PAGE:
Gülen says acts of violence at stadiums not ‘coincidental’

Well-respected Turkish intellectual and scholar Fethullah Gülen has said recent »»

Well-respected Turkish intellectual and scholar Fethullah Gülen has said recent acts of violence at football stadiums by hooligans are not coincidental, adding the events were orchestrated by circles that wish to destroy the peaceful atmosphere of Turkey.

Gülen was referring to acts of violence triggered by hooligans after a derby match between Fenerbahçe and Galatasaray last week, as a result of which Fenerbahçe lost the title of champion to its rival. After the match, hundreds of Fenerbahçe fans occupied the pitch at their Şükrü Saracoğlu Stadium in İstanbul. Others broke off plastic chairs and threw them at police. The fans also turned over two police vehicles and set them on fire outside the stadium and one fan was stabbed. In his latest weekly speech broadcast on the website, Gülen responded to a question on the reasons and motives for the increasing acts of violence in Turkish society. Commenting on football hooliganism, the scholar said: “The incidents that took place inside and around stadiums recently are certainly neither ordinary nor coincidental.

We should not think that the incidents are coincidental upon seeing the pictures of provocateurs crying and complaining at the same time as destroying other people’s property or intending to kill them, and upon reading reports by some media outlets trying to justify the incidents. All such incidents were planned and aimed to trip Turkey up at a time when it is taking strong steps on its path to put itself in order.”

According to Gülen, aggression and violence against doctors by patients and their relatives could be a result of a loss of mental balance by Turkish society in one sense. The scholar, however, said his remarks do not target people who are careful in showing respect to others due to the respect they have for Islam and its teachings.

Suggesting probable solutions to decrease acts of violence in Turkey, Gülen said a revision of the Turkish education system could be a solution. “The settlement of social problems lies in education. For this reason, curricula of all institutions of education, from kindergarten to doctoral programs, should be revised. We are in dire need of curricula that would help the young obtain values our society has fostered and developed for centuries.”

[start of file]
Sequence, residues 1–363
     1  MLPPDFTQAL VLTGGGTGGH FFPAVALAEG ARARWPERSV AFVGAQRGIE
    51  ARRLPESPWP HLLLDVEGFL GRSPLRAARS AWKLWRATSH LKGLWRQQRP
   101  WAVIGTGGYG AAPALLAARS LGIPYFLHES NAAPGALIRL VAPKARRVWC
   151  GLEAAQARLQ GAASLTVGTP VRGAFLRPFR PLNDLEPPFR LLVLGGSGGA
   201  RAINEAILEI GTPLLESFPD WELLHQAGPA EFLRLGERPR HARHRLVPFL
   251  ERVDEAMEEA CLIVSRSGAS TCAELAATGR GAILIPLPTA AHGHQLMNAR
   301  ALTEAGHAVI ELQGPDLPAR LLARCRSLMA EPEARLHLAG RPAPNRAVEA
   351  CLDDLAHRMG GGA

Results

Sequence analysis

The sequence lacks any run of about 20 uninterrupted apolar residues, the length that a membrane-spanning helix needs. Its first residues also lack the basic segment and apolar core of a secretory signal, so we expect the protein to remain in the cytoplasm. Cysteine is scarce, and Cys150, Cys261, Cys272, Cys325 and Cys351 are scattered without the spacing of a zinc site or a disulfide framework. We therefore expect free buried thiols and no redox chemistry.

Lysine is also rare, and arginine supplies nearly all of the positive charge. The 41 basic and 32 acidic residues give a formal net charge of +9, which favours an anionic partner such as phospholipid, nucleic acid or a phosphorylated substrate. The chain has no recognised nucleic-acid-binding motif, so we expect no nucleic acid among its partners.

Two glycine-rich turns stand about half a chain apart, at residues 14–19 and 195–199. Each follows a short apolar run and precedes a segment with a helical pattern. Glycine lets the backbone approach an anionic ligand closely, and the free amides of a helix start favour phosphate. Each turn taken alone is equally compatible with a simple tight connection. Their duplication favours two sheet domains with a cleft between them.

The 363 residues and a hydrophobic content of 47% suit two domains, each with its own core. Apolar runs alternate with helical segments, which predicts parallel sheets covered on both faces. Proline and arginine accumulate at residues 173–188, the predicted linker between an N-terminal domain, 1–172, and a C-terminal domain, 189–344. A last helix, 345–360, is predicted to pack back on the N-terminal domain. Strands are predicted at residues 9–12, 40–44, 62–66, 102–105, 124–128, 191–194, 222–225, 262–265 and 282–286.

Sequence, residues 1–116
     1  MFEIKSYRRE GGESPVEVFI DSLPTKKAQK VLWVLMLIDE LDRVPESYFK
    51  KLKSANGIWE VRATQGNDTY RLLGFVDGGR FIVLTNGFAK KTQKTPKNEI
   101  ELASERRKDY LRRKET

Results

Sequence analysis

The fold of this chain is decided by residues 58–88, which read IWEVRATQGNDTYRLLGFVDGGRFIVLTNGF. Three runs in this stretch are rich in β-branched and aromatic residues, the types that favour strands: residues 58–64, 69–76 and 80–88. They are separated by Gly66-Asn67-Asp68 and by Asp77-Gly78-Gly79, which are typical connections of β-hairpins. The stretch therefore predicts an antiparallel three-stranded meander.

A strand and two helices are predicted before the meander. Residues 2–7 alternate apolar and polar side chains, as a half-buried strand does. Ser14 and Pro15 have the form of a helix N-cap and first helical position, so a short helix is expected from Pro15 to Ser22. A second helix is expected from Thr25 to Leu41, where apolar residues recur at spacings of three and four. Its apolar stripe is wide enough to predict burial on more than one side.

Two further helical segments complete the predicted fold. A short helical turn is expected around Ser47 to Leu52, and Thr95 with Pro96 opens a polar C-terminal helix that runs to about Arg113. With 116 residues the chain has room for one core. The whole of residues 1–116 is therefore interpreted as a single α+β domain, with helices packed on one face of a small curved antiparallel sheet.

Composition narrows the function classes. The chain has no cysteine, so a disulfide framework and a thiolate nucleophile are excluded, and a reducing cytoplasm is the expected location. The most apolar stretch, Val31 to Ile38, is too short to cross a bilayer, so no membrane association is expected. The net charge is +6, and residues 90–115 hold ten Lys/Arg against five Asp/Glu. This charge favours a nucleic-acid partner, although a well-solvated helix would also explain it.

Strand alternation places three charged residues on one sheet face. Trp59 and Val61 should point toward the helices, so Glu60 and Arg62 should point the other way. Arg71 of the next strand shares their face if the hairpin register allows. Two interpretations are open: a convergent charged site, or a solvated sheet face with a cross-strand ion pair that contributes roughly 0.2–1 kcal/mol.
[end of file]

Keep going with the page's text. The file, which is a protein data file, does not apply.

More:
Speaking about the recent controversy sparked by a message on Twitter by journalist Ergun Babahan, Gülen said neither he nor his movement would respond to misdeeds with misdeeds. “This is probably the hardest issue. It is virtue to give a rose to a man even if he bites you. What befits us most is to handle all events with tender-mindedness and refrain from responding to bad deeds with bad deeds. … We never think of doing bad to others and pursuing plans of evil,” he said. In the aftermath of the Fenerbahçe-Galatasaray match, Babahan tweeted words which were interpreted as an insult to Gülen. Babahan later offered an apology for his remarks.

Gülen, in addition, made a call on Turkish society to encourage good in others. “Despite all the negativities, we need to call on all humans to act according to the requirements of being a human being and to strengthen the culture of coexistence. It is a must for a Muslim to try to change it with his hand if he sees something wrong. If he cannot, then with his tongue; if he cannot, then with his heart. Today it is the duty of the state to change a bad thing with the ‘hand.’ It falls on us to give advice [if we see someone engaged in something bad] if the conditions are favorable. If the conditions are not favorable for such advice, then we should display our disapproval of the bad thing by interrupting our cordial kinship with that person,” he asserted.



Columnist: TODAY'S ZAMAN